*This post is sponsored by Health Insurance Comparison
I spent the most awkward part of my teen years with a face full of metal. It wasn’t pretty – neither were my teeth before the installation, though. Overbite, over-crowded, teeth criss-crossed here, there and everywhere. The best part of three years was spent with a pocket full of those teeny tiny elastic bands – handy for jaw realignment and for plaiting corn-rows in your mate’s hair at lunchtime.
My parents didn’t have health insurance, and I know my braces were a financial burden on them. So when my eldest daughter Ruby’s adult teeth started coming in in the haphazard fashion that my own had, I knew we were in for a wallet draining.
Thankfully, it was apparent from pretty early on that Ruby would need braces, so I had time to plan – Homer-style.
A few phone calls and a bit of shopping around meant that I was able to get us a health insurance policy that halved the out-of-pocket expense for Ruby’s orthodontics, thankfully, because the bill came in at close to $8000 *faints*. Here’s hoping the other three kids take after dad in the mouth department.
How health insurance can reduce the financial burden of braces
Braces are not just cosmetic, there are all kind of reasons that you or your child might need corrective treatment on your teeth or jaw, and if you do it will pay to be armed with some information on how to get the best assistance with those hefty fees.
For orthodontic treatment on both the upper and lower jaws, the figure could easily reach $4,500 and could climb as high as $8,000. The costs generally won’t be as high if treatment is only needed on one jaw, although this could still be costly if the work needed on that jaw will be extensive. Unfortunately, Medicare doesn’t offer support for orthodontic treatment but this is where health insurance Extras cover can come into its own.
The limitations of Medicare
Medicare doesn’t offer much support for dental treatment in general, except in exceptional situations. The Child Dental Benefits Scheme (CDBS) does provide a small contribution towards the cost of kids dental services but this is capped at $1,000 over 2 consecutive calendar years. This isn’t going to go a very long way for most families, especially if your child does need orthodontic treatment (or other fairly complex dental work).
It’s potentially useful for basic dental services if your child is aged between 2 and 17 and is eligible for Medicare, and you receive a government benefit such as Family Tax Benefit Part A for at least one day of the calendar year.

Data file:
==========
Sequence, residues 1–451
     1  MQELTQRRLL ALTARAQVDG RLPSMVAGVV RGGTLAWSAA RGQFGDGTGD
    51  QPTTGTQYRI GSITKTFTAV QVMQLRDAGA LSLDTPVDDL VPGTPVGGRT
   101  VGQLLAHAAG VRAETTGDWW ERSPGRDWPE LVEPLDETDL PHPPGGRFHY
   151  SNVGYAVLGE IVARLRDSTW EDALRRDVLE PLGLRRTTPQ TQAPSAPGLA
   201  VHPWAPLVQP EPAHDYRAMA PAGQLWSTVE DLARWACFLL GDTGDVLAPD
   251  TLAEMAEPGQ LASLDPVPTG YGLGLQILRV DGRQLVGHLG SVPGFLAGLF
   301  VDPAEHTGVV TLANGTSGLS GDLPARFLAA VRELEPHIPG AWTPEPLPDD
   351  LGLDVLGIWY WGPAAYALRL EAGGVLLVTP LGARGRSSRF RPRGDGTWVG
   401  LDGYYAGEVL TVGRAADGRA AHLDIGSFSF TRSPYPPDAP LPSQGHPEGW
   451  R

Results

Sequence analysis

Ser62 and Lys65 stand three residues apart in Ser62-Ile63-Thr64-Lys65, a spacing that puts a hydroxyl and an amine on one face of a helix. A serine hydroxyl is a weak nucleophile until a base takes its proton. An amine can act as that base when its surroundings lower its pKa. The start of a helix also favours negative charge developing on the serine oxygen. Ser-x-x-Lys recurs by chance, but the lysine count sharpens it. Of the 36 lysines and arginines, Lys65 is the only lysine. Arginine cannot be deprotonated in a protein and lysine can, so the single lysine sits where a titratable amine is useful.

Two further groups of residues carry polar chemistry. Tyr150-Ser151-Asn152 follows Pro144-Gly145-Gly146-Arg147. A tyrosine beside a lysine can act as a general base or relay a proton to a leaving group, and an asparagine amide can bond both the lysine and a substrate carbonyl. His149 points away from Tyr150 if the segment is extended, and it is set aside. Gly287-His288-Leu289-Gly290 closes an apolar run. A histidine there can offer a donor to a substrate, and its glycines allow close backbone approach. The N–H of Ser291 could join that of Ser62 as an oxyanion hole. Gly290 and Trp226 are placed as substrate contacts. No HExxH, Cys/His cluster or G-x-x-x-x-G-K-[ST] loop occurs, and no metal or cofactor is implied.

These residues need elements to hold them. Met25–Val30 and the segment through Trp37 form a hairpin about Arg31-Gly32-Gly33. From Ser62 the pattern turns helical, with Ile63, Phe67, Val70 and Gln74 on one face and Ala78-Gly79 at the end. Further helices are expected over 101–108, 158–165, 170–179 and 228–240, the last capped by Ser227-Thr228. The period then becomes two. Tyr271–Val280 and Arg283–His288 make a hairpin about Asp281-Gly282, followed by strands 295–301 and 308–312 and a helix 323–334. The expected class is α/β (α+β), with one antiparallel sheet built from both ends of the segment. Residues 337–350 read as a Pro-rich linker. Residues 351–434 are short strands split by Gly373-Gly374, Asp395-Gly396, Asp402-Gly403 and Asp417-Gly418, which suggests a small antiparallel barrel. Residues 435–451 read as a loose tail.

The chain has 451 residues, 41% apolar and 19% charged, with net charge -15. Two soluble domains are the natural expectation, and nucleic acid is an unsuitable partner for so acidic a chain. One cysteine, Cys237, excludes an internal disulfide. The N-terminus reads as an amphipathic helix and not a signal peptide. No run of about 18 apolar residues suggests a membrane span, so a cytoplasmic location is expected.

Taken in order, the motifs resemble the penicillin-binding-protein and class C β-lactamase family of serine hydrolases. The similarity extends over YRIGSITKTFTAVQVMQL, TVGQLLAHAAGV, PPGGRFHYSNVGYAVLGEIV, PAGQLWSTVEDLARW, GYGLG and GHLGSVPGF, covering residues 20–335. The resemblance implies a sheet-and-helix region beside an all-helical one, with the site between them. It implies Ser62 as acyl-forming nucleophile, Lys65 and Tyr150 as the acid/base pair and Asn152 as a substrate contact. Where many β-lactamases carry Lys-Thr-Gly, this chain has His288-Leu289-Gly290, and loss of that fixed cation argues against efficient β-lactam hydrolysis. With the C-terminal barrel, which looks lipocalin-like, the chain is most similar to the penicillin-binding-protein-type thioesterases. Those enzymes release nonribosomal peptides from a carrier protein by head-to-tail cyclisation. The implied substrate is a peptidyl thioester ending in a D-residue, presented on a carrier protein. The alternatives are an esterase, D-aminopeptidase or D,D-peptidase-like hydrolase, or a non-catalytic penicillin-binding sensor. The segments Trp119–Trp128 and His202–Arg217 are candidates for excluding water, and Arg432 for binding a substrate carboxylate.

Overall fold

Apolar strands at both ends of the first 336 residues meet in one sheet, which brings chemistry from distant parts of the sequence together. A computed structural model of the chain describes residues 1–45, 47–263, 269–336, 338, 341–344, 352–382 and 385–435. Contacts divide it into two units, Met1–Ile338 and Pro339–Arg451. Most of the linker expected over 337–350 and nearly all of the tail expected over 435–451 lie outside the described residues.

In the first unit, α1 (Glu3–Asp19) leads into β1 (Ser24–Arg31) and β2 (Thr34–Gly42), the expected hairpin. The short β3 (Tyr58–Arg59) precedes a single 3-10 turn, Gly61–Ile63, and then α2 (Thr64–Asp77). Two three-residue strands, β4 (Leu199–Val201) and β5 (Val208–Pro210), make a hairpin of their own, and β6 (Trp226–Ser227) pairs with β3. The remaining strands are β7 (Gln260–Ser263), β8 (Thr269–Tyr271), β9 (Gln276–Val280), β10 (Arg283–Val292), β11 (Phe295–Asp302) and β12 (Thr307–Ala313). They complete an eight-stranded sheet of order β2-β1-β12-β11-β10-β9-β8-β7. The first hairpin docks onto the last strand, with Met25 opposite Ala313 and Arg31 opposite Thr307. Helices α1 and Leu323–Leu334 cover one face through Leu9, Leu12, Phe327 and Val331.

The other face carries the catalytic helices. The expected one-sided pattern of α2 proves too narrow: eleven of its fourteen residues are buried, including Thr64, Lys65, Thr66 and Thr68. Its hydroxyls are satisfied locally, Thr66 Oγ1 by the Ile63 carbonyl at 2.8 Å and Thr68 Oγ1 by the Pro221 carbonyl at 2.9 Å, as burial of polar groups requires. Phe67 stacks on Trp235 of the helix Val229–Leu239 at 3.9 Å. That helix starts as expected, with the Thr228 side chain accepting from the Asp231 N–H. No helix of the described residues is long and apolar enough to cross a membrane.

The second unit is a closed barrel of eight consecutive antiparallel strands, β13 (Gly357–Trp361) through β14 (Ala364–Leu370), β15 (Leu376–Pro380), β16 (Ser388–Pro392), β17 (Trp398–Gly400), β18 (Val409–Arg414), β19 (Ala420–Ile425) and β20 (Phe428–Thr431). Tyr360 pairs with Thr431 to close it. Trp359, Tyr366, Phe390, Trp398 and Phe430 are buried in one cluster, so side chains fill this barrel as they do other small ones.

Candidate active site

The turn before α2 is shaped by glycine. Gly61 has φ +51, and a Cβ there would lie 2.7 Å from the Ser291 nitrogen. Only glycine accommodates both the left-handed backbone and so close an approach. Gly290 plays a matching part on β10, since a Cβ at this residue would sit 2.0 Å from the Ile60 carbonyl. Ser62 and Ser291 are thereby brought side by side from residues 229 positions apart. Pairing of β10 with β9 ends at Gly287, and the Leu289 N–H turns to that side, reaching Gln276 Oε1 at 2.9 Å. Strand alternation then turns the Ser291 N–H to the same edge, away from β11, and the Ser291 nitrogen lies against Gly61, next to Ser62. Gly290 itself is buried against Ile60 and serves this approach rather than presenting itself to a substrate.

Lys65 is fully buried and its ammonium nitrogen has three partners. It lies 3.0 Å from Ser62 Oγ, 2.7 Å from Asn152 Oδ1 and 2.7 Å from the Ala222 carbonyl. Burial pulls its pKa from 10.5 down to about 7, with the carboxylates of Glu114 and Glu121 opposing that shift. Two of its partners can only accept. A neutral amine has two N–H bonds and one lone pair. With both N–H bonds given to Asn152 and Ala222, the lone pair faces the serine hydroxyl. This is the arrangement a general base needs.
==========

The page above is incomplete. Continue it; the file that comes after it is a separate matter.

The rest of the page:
Ruby and her braces. Fingers-crossed the other kids have straight teeth … ouch!
How health insurance ‘Extras’ can help cover the costs of orthodontics
Having health insurance with Extras cover can help to ease out-of-pocket costs for dental treatments in general but it can be particularly invaluable for major dental work such as orthodontics. With Medicare not offering support for this type of dental treatment, you would otherwise be looking at big out-of-pocket costs that you would have to fund by yourself.
Waiting periods are something that you’ll need to be aware of in general for Extras cover, and this is definitely no exception for Orthodontics cover. Generally speaking, most health funds will have a 12 month waiting period for orthodontic treatment so it’s not something that you can quickly buy and claim for if you’re told that your child will need to have braces.
You’ll need to have it in place at least a year before you actually anticipate needing to use the cover and with some health funds, it can be beneficial to have Orthodontics cover in place some time before you might be using it. Loyalty bonuses can build up over time for orthodontic treatment for each year that you have the cover in place but don’t use it (up to a maximum level). Not all health funds will offer this but it’s something worth thinking about if you suspect that your child will need orthodontic treatment and you can afford to have cover in place several years before this.
Choosing Orthodontic cover
Basic Extras policies almost always include some form of dental cover but this is usually General Dental for preventative treatments and examinations. For more extensive dental treatments, you’ll need to have mid to top level Extras cover instead. This includes Major Dental services, which often includes orthodontics. Some health funds have separate Orthodontics cover that is not incorporated into Major Dental, in which case you’ll need to also have this in place to be covered for orthodontic treatment.
You’ll also need to be aware of annual and lifetime limits on your policy. These will vary between health funds and can prove particularly important if your child needs corrective treatment to both jaws. It’s definitely a good idea to shop around to see what various health funds are offering in terms of annual and lifetime limits for orthodontic treatment as low limits will significantly increase your potential for out-of-pocket costs if your child’s treatment costs more than your policy will allow you to claim for.
Ruby has nearly come to the end of her braces journey, here’s hoping that, unlike me, she remembers to wear her plate!
Have you had any experience with a hefty dental bill?